Making Earth Science Approachable to Communicate Its Importance
Who Are NASA's Earth Explorers?
The elementary school student questioning if El Niño occurs anywhere besides the Pacific Ocean. The researcher investigating connections between Arctic ozone depletion and global climate change. The citizen scientist interested in how changing land cover and use affects animal migration patterns. And the businessperson projecting future needs for harvest, delivery and storage of crops. All of these people are Earth Explorers -- they are all connected by their curiosity about Earth system processes. This series will introduce you to NASA Earth Explorers, young and old, with a variety of backgrounds and interests.
When Erika Podest was 10 years old, she found a sand dollar on the beach. "It was a work of art!" she remembers. It was one of her earliest encounters with what she describes as "the beauty and perfection of nature." Growing up in the tropical country of Panama, Podest found herself at home in the "sanctuary" of nature and wanted to grow up to better understand and protect it.
Podest, a scientist with the Water and Carbon Cycles Group in NASA's Jet Propulsion Laboratory’s Earth Science Division, uses satellite data to study the effects of climate change on terrestrial ecosystems.
Since she was a young girl, Podest has felt a personal connection with nature. She remembers how school field trips "provided the exposure and interaction with our environment necessary to help create appreciation of its value and importance in conserving it." These motivated her to create a student environmental group called J.E.A.N. (Jóvenes Entusiastas Amantes de la Naturaleza or Young Enthusiastic Nature Lovers).
This sense of familiarity, she suggests, often is lacking in efforts to communicate with the public about Earth, its environment and climate change. "Climate change is a complex concept, and it is difficult for people to understand how it will directly affect them and that actions at the individual level can make a difference," she points out.
People also are faced with the task of interpreting the large amount of information that surrounds the issue. Sorting through it all is, according to Podest, the biggest challenge of educating people about climate change. An "atmosphere of disinformation from nonscientific interests that confuses the issues" can make important issues like climate change seem irrelevant and unpalatable. Getting the public involved and interested in earth science is sometimes hampered as a result. "People get lost when they lose perspective of where they fit in the solution," she says.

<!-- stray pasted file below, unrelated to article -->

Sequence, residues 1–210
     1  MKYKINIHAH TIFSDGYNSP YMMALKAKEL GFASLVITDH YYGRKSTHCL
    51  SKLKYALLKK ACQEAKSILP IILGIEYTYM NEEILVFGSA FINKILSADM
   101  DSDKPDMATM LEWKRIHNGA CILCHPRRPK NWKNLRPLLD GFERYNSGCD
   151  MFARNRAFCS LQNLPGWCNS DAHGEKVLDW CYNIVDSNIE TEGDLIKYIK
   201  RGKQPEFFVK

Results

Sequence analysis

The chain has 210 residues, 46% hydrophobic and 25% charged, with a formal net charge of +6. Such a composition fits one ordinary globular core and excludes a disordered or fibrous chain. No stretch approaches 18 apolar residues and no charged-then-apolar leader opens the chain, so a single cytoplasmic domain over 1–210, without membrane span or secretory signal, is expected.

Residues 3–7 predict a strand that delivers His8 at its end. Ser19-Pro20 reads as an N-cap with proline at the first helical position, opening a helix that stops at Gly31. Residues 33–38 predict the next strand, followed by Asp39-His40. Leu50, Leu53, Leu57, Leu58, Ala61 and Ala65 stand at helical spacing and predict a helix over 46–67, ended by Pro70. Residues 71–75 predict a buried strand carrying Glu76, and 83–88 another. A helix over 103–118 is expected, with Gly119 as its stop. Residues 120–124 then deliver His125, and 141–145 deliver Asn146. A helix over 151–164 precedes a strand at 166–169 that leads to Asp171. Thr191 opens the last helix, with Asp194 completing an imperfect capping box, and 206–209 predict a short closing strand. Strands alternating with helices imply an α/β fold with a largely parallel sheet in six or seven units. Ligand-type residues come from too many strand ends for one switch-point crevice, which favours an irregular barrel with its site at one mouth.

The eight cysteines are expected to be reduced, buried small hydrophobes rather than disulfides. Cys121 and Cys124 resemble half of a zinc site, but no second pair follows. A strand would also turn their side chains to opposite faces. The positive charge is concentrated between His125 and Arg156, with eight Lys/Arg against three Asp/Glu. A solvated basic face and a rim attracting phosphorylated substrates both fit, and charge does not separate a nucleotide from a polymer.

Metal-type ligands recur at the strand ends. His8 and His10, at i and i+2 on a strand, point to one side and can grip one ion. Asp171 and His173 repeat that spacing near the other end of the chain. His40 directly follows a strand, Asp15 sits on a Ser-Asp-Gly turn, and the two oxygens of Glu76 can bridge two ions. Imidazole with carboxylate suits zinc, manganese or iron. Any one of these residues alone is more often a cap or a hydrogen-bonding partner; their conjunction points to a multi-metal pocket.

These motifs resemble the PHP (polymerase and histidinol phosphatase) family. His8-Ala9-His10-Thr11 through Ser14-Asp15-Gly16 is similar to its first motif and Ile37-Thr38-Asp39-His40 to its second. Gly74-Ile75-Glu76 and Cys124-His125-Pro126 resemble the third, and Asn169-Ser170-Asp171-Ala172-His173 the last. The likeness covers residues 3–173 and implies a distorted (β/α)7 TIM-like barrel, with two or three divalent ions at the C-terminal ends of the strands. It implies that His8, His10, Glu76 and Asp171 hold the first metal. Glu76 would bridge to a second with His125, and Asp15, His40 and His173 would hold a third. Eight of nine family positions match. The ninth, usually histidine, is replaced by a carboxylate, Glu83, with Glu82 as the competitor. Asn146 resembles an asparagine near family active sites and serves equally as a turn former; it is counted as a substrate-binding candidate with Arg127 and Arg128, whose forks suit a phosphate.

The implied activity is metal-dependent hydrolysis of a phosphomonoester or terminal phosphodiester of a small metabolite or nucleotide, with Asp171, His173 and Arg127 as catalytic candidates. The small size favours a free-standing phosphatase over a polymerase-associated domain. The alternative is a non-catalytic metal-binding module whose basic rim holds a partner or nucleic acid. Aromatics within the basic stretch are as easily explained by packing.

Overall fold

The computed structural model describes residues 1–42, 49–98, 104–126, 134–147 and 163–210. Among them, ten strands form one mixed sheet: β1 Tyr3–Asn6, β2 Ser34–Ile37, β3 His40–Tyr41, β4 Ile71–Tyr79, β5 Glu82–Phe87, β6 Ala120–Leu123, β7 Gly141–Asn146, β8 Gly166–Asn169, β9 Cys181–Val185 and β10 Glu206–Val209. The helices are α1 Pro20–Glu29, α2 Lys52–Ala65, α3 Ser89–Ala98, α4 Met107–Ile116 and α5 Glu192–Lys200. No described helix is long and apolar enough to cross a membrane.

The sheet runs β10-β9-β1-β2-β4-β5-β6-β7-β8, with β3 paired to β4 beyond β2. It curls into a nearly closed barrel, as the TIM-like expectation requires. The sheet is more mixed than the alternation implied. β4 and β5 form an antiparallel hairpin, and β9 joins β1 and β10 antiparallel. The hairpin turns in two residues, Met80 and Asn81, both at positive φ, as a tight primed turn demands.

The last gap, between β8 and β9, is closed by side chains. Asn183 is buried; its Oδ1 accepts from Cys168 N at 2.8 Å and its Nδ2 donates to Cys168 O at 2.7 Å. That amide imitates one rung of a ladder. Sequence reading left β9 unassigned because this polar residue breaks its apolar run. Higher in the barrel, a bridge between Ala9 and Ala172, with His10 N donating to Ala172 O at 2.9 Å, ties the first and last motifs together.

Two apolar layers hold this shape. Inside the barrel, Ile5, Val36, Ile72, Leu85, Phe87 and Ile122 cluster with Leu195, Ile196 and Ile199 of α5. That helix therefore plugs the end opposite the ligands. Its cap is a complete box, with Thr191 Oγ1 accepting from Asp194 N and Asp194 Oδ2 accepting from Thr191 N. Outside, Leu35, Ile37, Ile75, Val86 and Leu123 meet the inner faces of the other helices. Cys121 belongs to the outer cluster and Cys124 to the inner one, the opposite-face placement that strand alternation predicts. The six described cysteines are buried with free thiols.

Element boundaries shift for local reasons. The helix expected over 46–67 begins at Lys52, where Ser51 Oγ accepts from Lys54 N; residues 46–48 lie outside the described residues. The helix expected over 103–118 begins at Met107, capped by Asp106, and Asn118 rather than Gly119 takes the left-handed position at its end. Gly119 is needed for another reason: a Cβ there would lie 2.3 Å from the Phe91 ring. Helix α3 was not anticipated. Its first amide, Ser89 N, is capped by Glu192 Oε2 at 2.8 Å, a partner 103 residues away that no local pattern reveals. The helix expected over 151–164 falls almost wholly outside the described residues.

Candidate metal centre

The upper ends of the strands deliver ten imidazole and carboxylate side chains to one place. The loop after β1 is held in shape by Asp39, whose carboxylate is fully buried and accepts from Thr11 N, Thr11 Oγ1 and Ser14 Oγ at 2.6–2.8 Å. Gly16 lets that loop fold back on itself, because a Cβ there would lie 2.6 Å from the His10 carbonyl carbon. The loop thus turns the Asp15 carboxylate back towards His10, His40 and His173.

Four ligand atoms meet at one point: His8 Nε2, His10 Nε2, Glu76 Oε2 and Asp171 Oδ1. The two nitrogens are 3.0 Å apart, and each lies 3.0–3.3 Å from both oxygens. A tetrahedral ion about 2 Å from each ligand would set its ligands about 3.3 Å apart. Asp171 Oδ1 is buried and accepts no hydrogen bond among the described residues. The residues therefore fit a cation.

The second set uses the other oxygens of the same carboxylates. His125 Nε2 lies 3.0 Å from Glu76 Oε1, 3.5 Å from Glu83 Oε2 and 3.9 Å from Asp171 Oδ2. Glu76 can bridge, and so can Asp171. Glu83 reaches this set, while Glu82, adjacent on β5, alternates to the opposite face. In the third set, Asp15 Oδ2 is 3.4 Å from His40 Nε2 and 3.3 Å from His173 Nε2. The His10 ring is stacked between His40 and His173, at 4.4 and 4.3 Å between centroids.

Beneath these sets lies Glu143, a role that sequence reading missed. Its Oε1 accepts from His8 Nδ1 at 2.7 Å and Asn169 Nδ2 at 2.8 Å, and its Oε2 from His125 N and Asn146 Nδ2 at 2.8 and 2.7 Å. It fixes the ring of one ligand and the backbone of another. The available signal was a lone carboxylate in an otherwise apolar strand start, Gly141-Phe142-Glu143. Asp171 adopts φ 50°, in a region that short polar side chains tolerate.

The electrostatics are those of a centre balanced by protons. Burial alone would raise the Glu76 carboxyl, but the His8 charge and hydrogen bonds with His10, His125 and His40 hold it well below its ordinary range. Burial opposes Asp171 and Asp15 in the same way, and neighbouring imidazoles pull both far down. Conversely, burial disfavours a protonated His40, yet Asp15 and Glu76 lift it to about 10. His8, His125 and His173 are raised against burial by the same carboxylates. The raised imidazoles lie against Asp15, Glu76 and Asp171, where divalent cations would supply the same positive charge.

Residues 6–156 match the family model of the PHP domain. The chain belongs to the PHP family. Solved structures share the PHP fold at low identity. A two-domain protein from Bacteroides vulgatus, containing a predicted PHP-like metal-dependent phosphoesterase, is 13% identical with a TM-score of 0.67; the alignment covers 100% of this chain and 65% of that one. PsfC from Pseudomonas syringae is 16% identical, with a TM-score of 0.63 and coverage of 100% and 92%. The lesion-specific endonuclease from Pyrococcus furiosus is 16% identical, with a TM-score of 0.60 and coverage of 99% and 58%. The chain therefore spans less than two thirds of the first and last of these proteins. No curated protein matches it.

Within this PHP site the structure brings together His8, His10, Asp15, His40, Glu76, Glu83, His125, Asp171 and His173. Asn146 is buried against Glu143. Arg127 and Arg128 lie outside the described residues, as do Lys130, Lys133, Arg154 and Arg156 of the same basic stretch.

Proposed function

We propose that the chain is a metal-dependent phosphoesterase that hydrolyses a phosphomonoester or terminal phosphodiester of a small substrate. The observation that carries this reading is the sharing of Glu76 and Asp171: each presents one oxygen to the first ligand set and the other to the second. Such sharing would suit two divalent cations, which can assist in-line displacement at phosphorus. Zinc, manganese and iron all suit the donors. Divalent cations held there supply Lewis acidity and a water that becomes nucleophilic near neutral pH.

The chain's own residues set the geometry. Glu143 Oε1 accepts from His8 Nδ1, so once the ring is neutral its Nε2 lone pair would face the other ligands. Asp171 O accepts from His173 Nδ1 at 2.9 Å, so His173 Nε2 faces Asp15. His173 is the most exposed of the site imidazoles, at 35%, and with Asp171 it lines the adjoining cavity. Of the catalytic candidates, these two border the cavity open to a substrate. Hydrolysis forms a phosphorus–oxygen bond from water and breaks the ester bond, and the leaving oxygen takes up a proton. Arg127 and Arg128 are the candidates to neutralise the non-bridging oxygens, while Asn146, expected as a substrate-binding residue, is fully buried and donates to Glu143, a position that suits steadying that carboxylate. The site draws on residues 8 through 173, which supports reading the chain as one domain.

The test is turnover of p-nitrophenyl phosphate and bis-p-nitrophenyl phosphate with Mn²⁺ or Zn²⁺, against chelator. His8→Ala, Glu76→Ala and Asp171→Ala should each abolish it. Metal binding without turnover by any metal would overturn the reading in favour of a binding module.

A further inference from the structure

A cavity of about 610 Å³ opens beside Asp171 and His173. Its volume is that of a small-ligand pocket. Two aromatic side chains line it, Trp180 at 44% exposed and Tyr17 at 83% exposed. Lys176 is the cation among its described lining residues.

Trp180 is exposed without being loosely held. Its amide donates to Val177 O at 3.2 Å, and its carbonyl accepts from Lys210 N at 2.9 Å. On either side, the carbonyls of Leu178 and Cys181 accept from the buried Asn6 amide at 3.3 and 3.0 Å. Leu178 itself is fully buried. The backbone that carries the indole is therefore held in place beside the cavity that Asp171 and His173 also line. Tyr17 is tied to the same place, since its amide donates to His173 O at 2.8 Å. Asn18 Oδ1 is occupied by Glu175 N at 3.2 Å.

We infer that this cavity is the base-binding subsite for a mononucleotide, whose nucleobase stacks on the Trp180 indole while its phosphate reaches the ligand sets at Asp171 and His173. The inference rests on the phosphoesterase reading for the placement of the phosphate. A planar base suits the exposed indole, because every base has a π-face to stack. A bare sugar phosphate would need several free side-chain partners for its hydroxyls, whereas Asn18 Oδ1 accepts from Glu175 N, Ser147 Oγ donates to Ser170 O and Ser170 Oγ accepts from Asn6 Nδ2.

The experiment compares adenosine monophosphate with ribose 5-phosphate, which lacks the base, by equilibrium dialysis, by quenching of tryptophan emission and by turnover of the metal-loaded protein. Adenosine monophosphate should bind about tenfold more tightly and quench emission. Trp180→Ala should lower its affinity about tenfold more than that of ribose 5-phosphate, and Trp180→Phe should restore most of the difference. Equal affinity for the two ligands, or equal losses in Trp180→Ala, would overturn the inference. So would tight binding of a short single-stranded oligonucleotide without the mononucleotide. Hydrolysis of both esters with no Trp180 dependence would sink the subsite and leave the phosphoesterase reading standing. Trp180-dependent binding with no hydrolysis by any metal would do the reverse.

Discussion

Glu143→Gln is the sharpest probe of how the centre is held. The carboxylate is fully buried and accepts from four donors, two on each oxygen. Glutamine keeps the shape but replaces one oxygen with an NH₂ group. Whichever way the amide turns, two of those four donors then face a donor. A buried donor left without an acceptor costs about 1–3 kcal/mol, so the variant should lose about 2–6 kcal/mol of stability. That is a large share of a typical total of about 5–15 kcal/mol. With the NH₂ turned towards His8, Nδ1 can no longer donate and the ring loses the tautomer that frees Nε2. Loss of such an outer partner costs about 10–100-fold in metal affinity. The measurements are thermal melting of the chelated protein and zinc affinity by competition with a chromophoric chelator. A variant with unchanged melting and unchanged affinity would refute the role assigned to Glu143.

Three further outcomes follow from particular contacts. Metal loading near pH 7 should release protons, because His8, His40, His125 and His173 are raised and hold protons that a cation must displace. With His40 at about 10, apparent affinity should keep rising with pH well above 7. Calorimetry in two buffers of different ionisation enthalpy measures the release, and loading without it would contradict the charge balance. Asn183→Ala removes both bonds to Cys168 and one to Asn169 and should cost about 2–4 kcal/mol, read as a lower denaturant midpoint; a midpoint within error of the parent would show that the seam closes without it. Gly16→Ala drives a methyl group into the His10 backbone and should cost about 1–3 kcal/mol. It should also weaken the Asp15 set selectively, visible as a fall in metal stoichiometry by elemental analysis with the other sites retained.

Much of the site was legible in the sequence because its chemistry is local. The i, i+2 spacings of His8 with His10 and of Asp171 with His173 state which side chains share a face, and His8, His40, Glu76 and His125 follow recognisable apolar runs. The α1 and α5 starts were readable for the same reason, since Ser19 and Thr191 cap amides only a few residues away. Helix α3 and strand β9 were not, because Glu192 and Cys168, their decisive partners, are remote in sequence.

Yet Podest believes that there are solutions to these obstacles. Focusing on local concerns and impacts is one of them. Local examples allow people to find something familiar they can relate to, instead of feeling overwhelmed by the information.
A better understanding of Earth processes also can help in this respect. A key element of this comprehension is making sure the public understands that because "processes on Earth are interconnected," what happens on one part of the globe can have repercussions in other places. As a result, every little bit counts. People "can make a difference at the individual level regardless of where they live," Podest says. Many individual contributions can make an important difference in the future of the planet: "The more positive changes we bring about right now, the better off we’ll be."
Although addressing these issues certainly poses challenges, it also creates new opportunities, particularly for future earth scientists. Podest thinks more opportunities exist for everyone, including women and minorities, to enter a scientific field. She explains that this results not only because of better communication about existing opportunities but also because science itself, and earth science in particular, is more relevant today than ever before.
Earth science, says Podest, "helps [us] understand our Earth, how it's changing, and how life may adapt to it." With the effects of climate change becoming increasingly clear, she thinks that earth science directly impacts the future.
At the end, it goes back to a desire to learn more, understand better and become involved. "In order to be successful at something, you have to believe in what you are doing, love what you are doing and know what you are doing," says Podest. So to those students who are interested in learning more about Earth and the environment that surrounds them, she urges them to pursue their interests. "The opportunities are out there; it’s just a matter of tapping into them."
› Earth Science Week →
› Earth Explorers Series
› NASA Careers Resources
› Women at NASA
Laura Delgado López/Institute for Global Environmental Strategies